From Alemao‘s coin throwing incident to Rivaldo‘s acting in the World Cup, up to Dida‘s Oscar winning performance of Wednesday in Glasgow: these are three stories of three Brazilians, all worthy of a role in a Latin Telenovela (Spanish soap opera). I picked up this piece from Gazzetta dello Sport, but I thought I’d share it with you here.
Ricardo Rogério de Brito, aka Alemão, played a long spell in Serie A as a midfielder for Napoli. On April 8, 1990, Napoli (who were in a very close race for the Scudetto with AC Milan) were playing an away game to Atalanta: in the 77th minute of the game, Alemao went to take a corner-kick and fell down to the floor as if struck by lightning. What happened? Replays showed he was struck by a coin thrown from the stands (50 Lire, as the referee’s report later indicated, which is no bigger than ¢10 or 10 pence).
The Napoli physio (Salvatore Carmando) arrived to perform first aid procedures, because Alemao’s forehead has started bleeding: the game was stopped for a few minutes, amidst a big confusion of players. After about two minutes, Alemao got up (still surrounded by his teammates), and as the Napoli physio approached him again to take a look at him, the Brazilian player inexplicably pushed him away. At this point, the referee of the match (Luigi Agnolin) found and picked up the coin that was thrown from the stands.
When play resumed, Alemao was still on the sidelines being medicated by the physiotherapist, so the Napoli coach decided to sub him off for Gianfranco Zola. The exact moment that Zola entered the field was officially the start of events that ended up determining that season’s Scudetto winner. The match ended 0-0, but the Atalanta players would later declare to have heard the Napoli physio say these words to Alemao, as he was being medicated: “Stay down! Stay down!”.
Following the match, Alemao was hospitalized for his “injury”. The doctors declared that he “could speak regularly”, but the Napoli president (Corrado Ferlaino) told the press that he had “found his player in a deep state of confusion, and that he did not recognize him”. That same Sunday Bologna-Milan was being played and ended 0-0 (even though the referee did not see a perfectly valid goal for Bologna).
A few days later, the sports tribunal of Serie A gave Napoli a default 2-0 win for the Alemao incident, effectively putting the Neapolitan team ahead of AC Milan in the standings (Napoli would go on to win their 2nd Scudetto a few weeks later). The Rossoneri team got very angry and strongly contested the decision: they claimed that Alemao’s antics were nothing but acting, a ridiculous farce for football. For years to come, Alemao’s story put a big stain and suspicions on Napoli’s second Scudetto.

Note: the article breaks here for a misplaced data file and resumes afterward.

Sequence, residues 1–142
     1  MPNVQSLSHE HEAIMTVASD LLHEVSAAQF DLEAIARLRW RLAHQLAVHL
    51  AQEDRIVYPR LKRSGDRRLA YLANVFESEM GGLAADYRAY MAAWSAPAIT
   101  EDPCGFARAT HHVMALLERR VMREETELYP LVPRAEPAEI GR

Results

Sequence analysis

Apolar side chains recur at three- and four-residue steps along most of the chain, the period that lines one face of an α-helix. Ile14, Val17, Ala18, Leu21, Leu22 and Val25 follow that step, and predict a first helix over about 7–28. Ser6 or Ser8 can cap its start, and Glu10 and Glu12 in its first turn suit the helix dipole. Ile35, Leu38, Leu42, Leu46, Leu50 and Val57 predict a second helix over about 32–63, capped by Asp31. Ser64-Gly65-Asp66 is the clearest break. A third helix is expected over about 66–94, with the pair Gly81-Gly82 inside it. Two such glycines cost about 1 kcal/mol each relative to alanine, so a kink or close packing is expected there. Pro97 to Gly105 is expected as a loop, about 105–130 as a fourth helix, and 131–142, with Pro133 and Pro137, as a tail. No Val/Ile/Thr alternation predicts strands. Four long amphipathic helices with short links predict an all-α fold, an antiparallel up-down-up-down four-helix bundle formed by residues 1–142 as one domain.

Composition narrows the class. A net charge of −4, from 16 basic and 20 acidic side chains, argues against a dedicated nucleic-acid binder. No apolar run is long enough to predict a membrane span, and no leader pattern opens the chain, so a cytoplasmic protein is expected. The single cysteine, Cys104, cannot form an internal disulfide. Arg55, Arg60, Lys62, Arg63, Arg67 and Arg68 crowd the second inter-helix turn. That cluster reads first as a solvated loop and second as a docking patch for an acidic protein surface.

Vitor Borba Ferreira, commonly known as Rivaldo, star midfielder of the Brazil national team for many years. This story’s more recent, so I’m sure most of you will remember it. It was the time of the World CUp 2002, during the group stage of the competition: Brazil were playing Turkey, and were leading 2-1 in the 87th. The Turkish players were getting a bit restless, and one of them (Hakan Unsal) violently kicked the ball against Rivaldo as he was waiting to take a corner kick.
The Brazilian player, who had been clearly hit in the legs as replays showed, fell to the ground and brought his hands to his face, as if he had been mortally wounded and was having a brain seizure. The referee (Korean Kim Young Joo) fell for the Brazilian’s antics, and gave Hakan Unsal his 2nd yellow of the game.
In the following days, the entire world of soccer had seen what really happened and condemned Rivaldo’s anti-fairplay behaviour. Some even joked that “Because Rivaldo’s brain is located in his legs, if you hit those he’ll bring his hands to his face”, but there was little to be laughing about: even FIFA officials were indignated at this type of behaviour, especially with all those “FIFA Fair Play” flags flying around in the stadiums.
Experts anticipated than an “exemplary punishment” was in store for the Brazilian, a suspension, an expulsion from the tournament… something that would prevent anyone from doing this again. Instead, only a fine of 11,500 Swiss Francs (â‚¬17,043 or £5,180) was handed out to Rivaldo, peanuts for someone with his weekly paycheck. Evidently, the disciplinary committee was scared of irritating Brazil and Korea (the tournament’s hosts), and chose not the suspend the Brazilian from subsequent matches.
In days following FIFA’s decision, there was still much talk on Rivaldo’s acting, at which point his coach and some his teammates tried to defend him. Rivaldo himself even admitted later “Obviously I exaggerated the injury for the guy to be sent off (…) The ball hit my hand and my leg (…) It didn’t hit me in the face but that kind of attitude must not be allowed on the pitch (…) He deserved a red card.” Here’s what Ronaldo had to say: “Rivaldo did a smart thing. The World Cup is like a war, and you don’t send idiots to war”.
With Milan just having conceded the 1-2 goal, a Celtic supporter stormed the field and gently hit Dida in the head. The Brazilian keeper initially started running after his “aggressor”, then fell to the ground as if mortally wounded, holding his head. But we all know that story already…
What’s your opinion on this? If you know any other of these “stories”, please share them with us.
Marco Pantanella writes on the mCalcio Blog